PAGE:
Yes [X] No [  ]

 

Indicate by check mark whether the registrant has submitted electronically every Interactive Data File required to be submitted pursuant to Rule 405 of Regulation S-T (§232.405 of this chapter) during the preceding 12 months (or for such shorter period that the registrant was required to submit and post such files).

Yes [X] No [  ]

 

Indicate by check mark whether the Registrant is a large accelerated filer, an accelerated filer, a non-accelerated filer, or an emerging growth company.

 

  Large Accelerated Filer [  ] Accelerated Filer [  ] Non-accelerated filer [X]
    Emerging Growth Company [X]

 

Indicate by check mark which basis of accounting the Registrant has used to prepare the financial statements included in this filing:

 

  U.S. GAAP [X]

International Financial Reporting Standards as issued

by the International Accounting Standards Board [  ]

Other [  ]

 

If “Other” has been checked in response to the previous question, indicate by check mark which financial statement item the Registrant has elected to follow:

Item 17 [  ] Item 18 [  ]

 

If this is an annual report, indicate by check mark whether the Registrant is a shell company (as defined in Rule 12b-2 of the Exchange Act.)

Yes [  ] No [X]

 

 

 

   

 

 

TABLE OF CONTENTS

 

    Page
PART I    
Item 1. Identity of Directors, Senior Management and Advisors 5
Item 2. Offer Statistics and Expected Timetable 5
Item 3. Key Information 5
Item 4. Information on the Company 20
Item 4A. Unresolved Staff Comments 41
Item 5. Operating and Financial Review and Prospects 42
Item 6. Directors, Senior Management and Employees 50
Item 7. Major Shareholders and Related Party Transactions 54
Item 8. Financial Information 55
Item 9. The Offer and Listing 56
Item 10. Additional Information 57
Item 11. Quantitative and Qualitative Disclosures about Market Risk 60
Item 12. Description of Securities Other Than Equity Securities 60
     
PART II    
     
Item 13. Defaults, Dividend Arrearages and Delinquencies 61
Item 14. Material Modifications to the Rights of Security Holders and Use of Proceeds 61
Item 15. Controls and Procedures 61
Item 16. Reserved 62
Item 16A. Audit Committee Financial Expert 62
Item 16B. Code of Ethics 62
Item 16C. Principal Accountant Fees and Services 63
Item 16D. Exemptions from the Listing Standards for Audit Committees 63
Item 16E. Purchases of Equity Securities by the Issuer and Affiliates Purchasers 63
Item 16F. Changes in Registrant’s Certifying Accountants 63
Item 16G. Corporate Governance 63
Item 16H. Mine Safety Disclosure 63
     
PART III    
     
Item 17. Financial Statements 64
Item 18. Financial Statements F-1 to F-10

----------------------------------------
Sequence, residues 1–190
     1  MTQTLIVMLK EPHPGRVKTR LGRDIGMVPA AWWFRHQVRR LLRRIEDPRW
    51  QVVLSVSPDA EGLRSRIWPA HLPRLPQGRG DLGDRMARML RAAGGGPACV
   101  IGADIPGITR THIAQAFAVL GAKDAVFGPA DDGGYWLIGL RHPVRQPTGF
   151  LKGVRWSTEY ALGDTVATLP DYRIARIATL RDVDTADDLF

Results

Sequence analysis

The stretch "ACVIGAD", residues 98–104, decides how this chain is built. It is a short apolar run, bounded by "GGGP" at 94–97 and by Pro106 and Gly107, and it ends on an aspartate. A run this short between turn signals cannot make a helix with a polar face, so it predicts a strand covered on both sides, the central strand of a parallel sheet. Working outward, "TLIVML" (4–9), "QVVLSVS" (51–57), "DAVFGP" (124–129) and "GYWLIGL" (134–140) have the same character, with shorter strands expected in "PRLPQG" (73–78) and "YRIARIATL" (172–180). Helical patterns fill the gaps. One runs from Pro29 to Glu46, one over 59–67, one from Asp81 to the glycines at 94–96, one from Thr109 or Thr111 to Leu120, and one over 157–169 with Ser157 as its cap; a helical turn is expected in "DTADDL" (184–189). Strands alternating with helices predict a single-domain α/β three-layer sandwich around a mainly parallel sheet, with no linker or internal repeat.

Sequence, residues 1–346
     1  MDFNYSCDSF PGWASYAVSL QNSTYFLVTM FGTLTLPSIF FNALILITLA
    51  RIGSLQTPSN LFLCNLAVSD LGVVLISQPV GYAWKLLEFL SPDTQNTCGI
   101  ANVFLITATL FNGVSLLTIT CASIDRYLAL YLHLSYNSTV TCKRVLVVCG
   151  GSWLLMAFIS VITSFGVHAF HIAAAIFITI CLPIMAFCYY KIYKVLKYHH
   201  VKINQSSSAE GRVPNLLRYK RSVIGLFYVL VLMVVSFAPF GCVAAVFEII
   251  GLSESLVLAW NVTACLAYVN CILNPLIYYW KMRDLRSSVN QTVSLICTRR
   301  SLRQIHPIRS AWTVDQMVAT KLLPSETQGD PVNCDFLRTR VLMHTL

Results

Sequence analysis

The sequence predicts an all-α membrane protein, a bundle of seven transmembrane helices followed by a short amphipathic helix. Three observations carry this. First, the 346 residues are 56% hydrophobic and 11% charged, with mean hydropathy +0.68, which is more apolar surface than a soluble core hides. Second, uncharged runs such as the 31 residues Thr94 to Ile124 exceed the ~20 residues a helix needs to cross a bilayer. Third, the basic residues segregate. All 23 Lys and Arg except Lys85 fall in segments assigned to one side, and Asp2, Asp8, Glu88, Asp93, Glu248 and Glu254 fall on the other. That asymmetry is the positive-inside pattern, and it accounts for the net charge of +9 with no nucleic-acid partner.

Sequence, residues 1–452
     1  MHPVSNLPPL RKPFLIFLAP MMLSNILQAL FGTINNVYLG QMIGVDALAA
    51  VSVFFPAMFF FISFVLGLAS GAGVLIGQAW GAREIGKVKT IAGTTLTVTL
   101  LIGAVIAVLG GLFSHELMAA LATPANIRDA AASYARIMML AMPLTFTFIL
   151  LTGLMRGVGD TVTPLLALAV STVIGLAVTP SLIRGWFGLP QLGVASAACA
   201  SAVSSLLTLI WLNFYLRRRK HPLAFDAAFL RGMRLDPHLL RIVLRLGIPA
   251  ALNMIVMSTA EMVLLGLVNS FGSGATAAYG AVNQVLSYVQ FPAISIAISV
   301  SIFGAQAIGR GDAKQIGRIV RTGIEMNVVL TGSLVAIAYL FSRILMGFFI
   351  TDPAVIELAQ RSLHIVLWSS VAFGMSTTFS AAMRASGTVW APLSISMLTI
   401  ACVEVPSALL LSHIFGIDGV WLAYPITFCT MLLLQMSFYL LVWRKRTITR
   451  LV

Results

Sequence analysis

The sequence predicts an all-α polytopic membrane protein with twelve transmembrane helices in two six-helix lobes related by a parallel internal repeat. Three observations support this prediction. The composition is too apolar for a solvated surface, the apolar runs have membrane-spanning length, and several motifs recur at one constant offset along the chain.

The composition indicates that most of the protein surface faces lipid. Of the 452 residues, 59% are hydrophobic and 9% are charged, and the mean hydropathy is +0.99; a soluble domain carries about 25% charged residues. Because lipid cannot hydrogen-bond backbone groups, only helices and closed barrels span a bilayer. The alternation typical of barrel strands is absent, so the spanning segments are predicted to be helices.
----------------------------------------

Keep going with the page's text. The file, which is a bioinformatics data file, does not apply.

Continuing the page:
Item 19. Exhibits 64
SIGNATURES 65

 

 2 

 

 

EXPLANATORY NOTE

 

In November 2017, subsequent to a change of control, management of the Company abandoned the Company’s prior business plan and determined to seek a possible business combination. The business purpose of the Company changed to seeking the acquisition of, or merger with, an existing company. As a result, the Company became a “shell company” (as such term is defined in Rule 12b-2 under the Securities Exchange Act of 1934, as amended (the “Exchange Act”)) with nominal assets and no business operations, and it sought to identify, evaluate and investigate various companies with the intent that, if such investigation warranted, a reverse merger transaction could be negotiated and completed pursuant to which the Company would acquire a target company with an operating business with the intent of continuing the acquired company’s business as a publicly held entity.

 

On July 3, 2019 (the “Closing Date”), the Company closed on a share exchange (the “Share Exchange”) with HUAHUI GROUP STOCK LIMITED, (“HGSL”), a Seychelles company limited by shares, and HGSL’s shareholders. As a result, HGSL is now a wholly owned subsidiary of the Company and management of the Company believes that the Company is no longer a shell company. The Company’s operations subsequent to July 3, 2019 consist of the operations of HGSL and its subsidiaries and, except as otherwise indicated, the narrative portions of this Report describe the Company’s business subsequent to the consummation of the Share Exchange.

 

In connection with the closing on the Share Exchange, on July 3, 2019, the Company changed its fiscal year end from June 30 to December 31. As a result, this Report on Form 20-F is a transition report and covers the transition period from July 1, 2018 through December 31, 2018 (the “Transition Period”). Subsequent to this Report, our annual reports on Form 20-F will cover the fiscal year, January 1 through December 31, which will be our fiscal year.

 

 3 

 

 

FORWARD-LOOKING STATEMENTS

 

This Report on Form 20-F contains forward-looking statements. A forward-looking statement is a projection about a future event or result, and whether the statement comes true is subject to many risks and uncertainties. These statements often can be identified by the use of terms such as “may,” “will,” “expect,” “believe,” “anticipate,” “estimate,” “approximate” or “continue,” or the negative thereof. The actual results or activities of the Company will likely differ from projected results or activities of the Company as described in this Report, and such differences could be material.